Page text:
Evolution and Ecology of Drug-resistant MTBC
Fitness Effect of Drug Resistance
We use a combination of experimental evolution, molecular epidemiology, comparative genome sequencing of clinical strains and systems biology to investigate the emergence, evolution and impact of drug resistance on the MTBC. In the past, we were able to show that different drug resistance-conferring mutations are associated with different effects on strain fitness. These differences are reflected in the relative abundance of each mutation in the clinic.
Compensation and Other Epistatic Interactions
In recent years, it has become clear that the molecular mechanisms of resistance to antibiotics are complex, and that many of the mutations involved can interact epistatically. We have been exploring how epistatic interactions between different drug resistance-conferring mutations, compensatory mutations and the strain genetic background influence the fitness of multidrug-resistant strains. Starting from the observation that drug-resistant strains isolated from patients tend to be fitter than strains generated in the laboratory, we were able to identify compensatory mutations in the RNA polymerase which mitigate some of the negative effects associated with rifampicin resistance in the MTBC.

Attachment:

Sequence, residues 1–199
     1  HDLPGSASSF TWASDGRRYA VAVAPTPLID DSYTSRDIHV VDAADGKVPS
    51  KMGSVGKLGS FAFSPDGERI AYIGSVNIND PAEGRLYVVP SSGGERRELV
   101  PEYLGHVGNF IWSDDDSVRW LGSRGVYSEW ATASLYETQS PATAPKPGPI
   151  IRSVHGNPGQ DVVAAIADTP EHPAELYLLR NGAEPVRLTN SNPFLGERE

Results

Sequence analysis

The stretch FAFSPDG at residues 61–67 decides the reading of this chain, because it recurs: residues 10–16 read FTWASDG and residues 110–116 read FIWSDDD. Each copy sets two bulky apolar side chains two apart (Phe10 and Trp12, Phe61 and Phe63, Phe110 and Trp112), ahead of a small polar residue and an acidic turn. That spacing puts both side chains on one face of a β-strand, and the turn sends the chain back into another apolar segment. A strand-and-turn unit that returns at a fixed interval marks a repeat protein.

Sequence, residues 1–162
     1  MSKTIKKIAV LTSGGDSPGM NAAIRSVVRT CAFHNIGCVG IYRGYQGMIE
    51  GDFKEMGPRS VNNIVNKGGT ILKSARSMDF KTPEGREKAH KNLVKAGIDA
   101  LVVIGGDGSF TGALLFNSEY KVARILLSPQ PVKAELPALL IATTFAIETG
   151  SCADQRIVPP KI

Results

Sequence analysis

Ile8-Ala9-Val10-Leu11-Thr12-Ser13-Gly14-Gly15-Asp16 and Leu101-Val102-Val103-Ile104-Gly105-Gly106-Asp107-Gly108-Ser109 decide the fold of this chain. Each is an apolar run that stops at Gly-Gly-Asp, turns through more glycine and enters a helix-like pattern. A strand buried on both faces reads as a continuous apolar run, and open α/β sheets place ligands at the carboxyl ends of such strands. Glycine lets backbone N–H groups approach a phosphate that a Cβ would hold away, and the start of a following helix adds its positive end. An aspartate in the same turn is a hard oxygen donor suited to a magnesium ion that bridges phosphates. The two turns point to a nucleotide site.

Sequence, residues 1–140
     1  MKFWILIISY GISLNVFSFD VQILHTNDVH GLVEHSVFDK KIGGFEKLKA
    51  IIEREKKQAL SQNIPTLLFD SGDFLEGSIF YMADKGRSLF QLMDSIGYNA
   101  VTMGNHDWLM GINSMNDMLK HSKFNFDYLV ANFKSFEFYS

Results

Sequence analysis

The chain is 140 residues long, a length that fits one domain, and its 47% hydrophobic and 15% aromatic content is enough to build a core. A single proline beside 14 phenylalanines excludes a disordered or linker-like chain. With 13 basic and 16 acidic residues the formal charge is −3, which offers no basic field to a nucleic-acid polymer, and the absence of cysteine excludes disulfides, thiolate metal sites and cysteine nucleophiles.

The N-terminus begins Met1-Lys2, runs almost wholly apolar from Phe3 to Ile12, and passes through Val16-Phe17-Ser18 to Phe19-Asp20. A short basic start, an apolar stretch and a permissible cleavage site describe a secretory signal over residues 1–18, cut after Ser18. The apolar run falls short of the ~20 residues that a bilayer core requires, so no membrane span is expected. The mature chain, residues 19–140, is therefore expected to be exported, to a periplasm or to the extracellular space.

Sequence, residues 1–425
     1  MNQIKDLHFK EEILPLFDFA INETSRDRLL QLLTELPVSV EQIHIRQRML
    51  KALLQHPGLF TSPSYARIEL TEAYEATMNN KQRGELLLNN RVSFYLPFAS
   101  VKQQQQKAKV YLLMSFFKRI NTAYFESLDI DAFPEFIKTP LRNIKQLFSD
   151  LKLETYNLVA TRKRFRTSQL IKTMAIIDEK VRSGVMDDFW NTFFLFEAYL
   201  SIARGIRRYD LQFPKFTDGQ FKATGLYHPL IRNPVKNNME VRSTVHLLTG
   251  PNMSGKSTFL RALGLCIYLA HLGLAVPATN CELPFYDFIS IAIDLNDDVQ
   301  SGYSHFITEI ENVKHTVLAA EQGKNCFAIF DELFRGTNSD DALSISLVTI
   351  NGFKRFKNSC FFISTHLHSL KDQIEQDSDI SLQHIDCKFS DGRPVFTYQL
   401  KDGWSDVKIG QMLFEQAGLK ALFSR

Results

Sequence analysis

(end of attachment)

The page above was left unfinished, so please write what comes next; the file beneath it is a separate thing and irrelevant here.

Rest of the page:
Ongoing work in the Unit explores the cost of drug resistance and the evolutionary processes that shape drug-resistant strains. Our hope is to be able to explain why, and possibly predict which resistant genotypes give rise to highly transmissible drug-resistant TB.